NAIROBI Kenya, Jul 4 – Chief Justice Willy Mutunga has announced that judges will forgo their annual colloquium this year.
He said that instead the one week when the judges would have held their colloquium will be dedicated to intense service to reduce case backlog in criminal matters at the High Court and enhance access to criminal justice.
Speaking on Thursday during the inauguration of the Court of Appeal in Malindi, Mutunga said devolution will help the Judiciary realise its true and proper intent as a people-driven mechanism in which it is publicly accountable.
“When I joined the Judiciary slightly over two years ago, the case backlog was one of the most obstinate problems facing the institution. At the time, the Court of Appeal had over 6,000 pending cases, the judges were only half of the maximum 14 allowed by law, and the rules of procedure were extremely rigid,” he recalled.
“Since then, the law has been amended to cap the number of judges of the Court of Appeal at 30. The Judicial Service Commission has recruited 22 new judges for this court, but the vetting of judges and magistrates board has found four judges who were serving before unsuitable to continue.”
He, however, added that rules of procedure have been revised and continue to be subjected to internal review to ease access to justice as well as ensure that justice is done without undue regard to technicalities – as commanded by the Constitution.
He said that they were decentralising hitherto centralised administrative functions so that Nairobi becomes a fit-for-purpose advisory and coordination unit, “rather than the all-powerful controller of resources and purveyor of “official decisions” that has characterised our past.”
The Chief Justice added that devolution was not simply about financial and resource accountability to central authorities, but results for, and accountability to, Kenyans.
“If anyone needed proof that decentralisation works, here it is: In the two months that the Court of Appeal has been decentralised to Nyeri, Kisumu and Malindi nearly 300 cases have been finalised,” he noted.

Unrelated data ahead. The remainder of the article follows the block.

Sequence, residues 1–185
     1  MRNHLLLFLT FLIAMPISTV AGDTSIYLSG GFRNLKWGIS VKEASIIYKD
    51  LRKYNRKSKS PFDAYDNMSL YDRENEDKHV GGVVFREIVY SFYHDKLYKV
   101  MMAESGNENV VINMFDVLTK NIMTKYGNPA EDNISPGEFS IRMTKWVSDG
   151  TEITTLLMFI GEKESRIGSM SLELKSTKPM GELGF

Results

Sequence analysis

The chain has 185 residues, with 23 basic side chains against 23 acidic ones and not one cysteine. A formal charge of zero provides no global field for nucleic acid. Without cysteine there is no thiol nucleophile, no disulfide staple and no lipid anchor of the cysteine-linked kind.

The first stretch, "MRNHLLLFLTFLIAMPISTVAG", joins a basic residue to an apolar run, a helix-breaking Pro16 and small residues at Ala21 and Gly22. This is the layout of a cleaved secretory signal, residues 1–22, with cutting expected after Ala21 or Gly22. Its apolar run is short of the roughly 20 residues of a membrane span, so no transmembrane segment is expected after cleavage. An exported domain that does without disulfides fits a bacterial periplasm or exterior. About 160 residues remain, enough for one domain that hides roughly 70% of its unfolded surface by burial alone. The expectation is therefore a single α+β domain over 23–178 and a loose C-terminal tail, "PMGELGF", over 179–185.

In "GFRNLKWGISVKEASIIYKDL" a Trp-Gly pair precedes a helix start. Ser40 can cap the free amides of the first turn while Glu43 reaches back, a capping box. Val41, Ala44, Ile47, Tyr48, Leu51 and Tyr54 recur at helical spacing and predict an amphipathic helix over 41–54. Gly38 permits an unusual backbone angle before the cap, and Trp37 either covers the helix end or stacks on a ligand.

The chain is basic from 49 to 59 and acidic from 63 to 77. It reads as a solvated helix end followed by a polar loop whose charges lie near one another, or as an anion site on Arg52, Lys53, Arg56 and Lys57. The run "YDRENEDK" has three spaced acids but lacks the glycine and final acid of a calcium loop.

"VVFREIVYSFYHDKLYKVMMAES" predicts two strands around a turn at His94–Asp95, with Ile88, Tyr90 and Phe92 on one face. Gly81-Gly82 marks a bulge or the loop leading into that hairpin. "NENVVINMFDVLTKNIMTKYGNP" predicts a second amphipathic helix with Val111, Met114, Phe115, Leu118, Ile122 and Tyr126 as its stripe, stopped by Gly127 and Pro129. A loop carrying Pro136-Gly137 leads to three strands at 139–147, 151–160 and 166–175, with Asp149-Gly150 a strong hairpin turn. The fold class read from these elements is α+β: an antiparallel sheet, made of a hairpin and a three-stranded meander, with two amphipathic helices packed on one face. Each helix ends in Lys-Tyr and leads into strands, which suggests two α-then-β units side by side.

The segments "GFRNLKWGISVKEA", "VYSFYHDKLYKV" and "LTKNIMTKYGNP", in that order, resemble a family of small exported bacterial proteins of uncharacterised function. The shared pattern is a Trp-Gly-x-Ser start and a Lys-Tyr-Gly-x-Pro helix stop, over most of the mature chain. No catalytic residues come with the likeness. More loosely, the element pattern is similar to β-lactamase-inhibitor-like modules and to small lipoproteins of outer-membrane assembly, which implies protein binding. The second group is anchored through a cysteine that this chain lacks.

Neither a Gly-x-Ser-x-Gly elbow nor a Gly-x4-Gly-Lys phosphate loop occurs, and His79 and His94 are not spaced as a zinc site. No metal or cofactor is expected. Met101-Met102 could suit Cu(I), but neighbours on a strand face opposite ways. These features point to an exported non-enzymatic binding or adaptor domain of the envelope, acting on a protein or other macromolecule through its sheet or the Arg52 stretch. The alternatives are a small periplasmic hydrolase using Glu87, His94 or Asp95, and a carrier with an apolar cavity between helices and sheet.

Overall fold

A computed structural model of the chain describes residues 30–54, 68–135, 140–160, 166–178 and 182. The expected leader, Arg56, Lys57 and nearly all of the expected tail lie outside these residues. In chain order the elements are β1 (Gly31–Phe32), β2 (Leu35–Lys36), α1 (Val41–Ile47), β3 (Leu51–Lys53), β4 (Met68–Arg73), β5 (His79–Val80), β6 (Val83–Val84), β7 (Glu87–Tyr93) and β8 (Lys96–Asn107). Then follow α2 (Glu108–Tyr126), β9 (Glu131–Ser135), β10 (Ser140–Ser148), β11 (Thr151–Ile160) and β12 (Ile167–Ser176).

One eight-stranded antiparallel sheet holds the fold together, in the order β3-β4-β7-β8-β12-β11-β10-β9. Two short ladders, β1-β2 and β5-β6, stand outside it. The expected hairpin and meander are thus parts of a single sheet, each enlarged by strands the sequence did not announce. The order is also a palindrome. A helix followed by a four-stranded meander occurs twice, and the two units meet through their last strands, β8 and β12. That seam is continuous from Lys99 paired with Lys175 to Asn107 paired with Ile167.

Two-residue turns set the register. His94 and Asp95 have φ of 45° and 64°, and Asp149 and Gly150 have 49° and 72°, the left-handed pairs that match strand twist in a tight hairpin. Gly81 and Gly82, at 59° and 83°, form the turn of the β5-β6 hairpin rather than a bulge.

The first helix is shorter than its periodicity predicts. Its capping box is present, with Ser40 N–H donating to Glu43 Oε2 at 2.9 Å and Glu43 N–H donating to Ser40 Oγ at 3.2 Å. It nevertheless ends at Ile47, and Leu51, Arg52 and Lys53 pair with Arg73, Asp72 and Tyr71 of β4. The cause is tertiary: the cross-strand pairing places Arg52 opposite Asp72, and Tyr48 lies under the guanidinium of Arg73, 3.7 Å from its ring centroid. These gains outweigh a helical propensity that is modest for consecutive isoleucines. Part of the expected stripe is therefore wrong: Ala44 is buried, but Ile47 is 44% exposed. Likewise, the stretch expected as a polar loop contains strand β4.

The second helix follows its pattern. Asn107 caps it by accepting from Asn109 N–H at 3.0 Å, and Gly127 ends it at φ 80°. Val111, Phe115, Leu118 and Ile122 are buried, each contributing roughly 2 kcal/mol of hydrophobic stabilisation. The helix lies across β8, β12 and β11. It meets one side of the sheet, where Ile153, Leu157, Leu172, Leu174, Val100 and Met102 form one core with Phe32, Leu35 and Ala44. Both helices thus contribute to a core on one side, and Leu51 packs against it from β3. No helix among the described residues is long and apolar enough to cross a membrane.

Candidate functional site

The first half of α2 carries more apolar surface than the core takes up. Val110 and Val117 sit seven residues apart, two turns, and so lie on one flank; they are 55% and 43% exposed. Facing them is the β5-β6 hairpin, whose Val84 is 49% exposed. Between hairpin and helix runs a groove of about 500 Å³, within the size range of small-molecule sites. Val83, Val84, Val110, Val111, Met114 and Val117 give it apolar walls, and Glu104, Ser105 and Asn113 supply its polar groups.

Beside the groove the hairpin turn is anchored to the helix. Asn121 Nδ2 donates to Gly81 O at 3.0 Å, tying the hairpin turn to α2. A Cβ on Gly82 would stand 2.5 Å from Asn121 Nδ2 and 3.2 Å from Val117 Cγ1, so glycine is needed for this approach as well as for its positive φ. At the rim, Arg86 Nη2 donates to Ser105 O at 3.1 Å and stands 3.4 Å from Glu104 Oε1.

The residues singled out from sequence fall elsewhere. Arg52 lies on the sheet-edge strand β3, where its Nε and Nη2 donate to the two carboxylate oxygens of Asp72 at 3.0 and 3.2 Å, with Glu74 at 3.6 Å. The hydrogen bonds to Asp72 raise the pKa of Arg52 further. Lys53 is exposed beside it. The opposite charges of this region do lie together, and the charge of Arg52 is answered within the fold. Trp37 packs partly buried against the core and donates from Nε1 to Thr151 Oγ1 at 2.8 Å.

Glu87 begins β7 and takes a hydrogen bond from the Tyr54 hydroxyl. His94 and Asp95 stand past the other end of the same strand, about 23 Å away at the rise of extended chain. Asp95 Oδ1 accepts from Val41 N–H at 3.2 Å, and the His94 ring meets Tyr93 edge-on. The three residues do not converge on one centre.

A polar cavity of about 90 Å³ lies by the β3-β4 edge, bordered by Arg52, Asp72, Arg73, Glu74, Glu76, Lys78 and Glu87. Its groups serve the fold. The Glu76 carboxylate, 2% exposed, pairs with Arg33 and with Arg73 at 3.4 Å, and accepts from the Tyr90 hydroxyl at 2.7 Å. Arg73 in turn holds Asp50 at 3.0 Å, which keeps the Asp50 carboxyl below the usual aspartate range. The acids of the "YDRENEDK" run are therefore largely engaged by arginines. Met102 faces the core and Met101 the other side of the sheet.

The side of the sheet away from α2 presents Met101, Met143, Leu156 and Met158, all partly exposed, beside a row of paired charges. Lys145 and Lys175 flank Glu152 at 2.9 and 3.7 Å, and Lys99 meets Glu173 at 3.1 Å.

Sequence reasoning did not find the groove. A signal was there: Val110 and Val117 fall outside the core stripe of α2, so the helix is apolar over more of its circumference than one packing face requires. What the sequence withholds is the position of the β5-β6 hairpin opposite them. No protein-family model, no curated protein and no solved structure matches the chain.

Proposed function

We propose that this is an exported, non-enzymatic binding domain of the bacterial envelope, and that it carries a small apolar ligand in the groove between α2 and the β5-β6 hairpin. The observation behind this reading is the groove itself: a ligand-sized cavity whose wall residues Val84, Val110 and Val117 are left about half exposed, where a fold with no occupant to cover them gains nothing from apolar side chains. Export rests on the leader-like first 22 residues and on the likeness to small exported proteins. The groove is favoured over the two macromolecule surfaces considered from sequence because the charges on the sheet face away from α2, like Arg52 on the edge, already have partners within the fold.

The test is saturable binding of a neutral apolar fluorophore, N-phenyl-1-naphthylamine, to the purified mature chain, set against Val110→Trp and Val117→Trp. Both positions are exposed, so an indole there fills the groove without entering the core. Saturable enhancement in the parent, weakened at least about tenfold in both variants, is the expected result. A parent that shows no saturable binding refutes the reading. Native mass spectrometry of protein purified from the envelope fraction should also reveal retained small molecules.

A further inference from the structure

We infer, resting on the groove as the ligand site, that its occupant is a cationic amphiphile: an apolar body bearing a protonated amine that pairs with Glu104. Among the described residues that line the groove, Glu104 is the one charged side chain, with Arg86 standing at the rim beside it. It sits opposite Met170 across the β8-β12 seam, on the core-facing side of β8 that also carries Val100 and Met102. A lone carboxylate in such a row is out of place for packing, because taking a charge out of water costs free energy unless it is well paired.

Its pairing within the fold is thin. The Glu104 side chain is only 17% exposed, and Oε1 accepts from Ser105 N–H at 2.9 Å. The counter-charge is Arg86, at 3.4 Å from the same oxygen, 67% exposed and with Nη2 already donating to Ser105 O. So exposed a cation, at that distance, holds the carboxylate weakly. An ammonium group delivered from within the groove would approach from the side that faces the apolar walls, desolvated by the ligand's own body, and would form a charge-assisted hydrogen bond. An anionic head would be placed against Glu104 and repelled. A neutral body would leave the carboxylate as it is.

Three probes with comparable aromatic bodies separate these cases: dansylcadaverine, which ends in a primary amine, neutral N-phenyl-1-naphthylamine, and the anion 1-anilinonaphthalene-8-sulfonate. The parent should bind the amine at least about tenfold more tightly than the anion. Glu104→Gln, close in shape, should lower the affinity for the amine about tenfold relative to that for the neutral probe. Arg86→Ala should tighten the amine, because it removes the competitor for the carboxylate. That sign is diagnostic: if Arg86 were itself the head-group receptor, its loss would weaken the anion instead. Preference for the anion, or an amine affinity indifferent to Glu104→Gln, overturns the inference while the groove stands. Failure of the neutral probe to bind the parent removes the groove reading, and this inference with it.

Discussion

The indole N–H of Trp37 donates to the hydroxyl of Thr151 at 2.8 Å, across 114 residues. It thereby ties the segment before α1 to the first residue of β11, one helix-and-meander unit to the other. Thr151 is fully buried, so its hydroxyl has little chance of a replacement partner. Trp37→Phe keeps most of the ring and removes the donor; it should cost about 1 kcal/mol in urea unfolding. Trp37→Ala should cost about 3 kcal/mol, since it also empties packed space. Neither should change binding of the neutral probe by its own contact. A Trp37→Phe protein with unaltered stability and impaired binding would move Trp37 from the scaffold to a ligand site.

“In Malindi, some 77 cases have been finalised and 81 new ones filed in the past two months. Join me in expressing our collective gratitude to the tireless efforts of the Court of Appeal judges based in Malindi – Justice Erastus Githinji, who is the presiding judge, Justice Asike Makhandia, and Justice Fatuma Sichale.”
In the past two weeks, the Court of Appeal has been inaugurated in Nyeri and Kisumu.
The Chief Justice noted that the Judiciary had increased it’s efficiency citing that between January and May, this year, a total of 424 were disposed of compared to 304 between June–December last year.
He said all High Court judges will go to those stations in the country that are plagued by the worst case delays in criminal appeals such as Nairobi, Nakuru, Eldoret, Mombasa and Meru.
Besides the urgent imperative of addressing the case backlog, the establishment of the decentralised Court of Appeal anticipates an increase in the number of cases that will emerge from establishing a High Court station in every county and a magistrate’s court in every district as required by law.
Already there are 20 High court stations that have been established in the country.
He said the court building in Malindi can accommodate the High Court as well as the Court of Appeal while the Judiciary makes the necessary arrangements for a Mombasa presence.
“We are alive to the concerns about transporting prisoners over long distances and the inconvenience it may cause to advocates, but weighing this against the old practice of hearing cases for only two weeks in a year, the lesser evil is to begin work immediately.”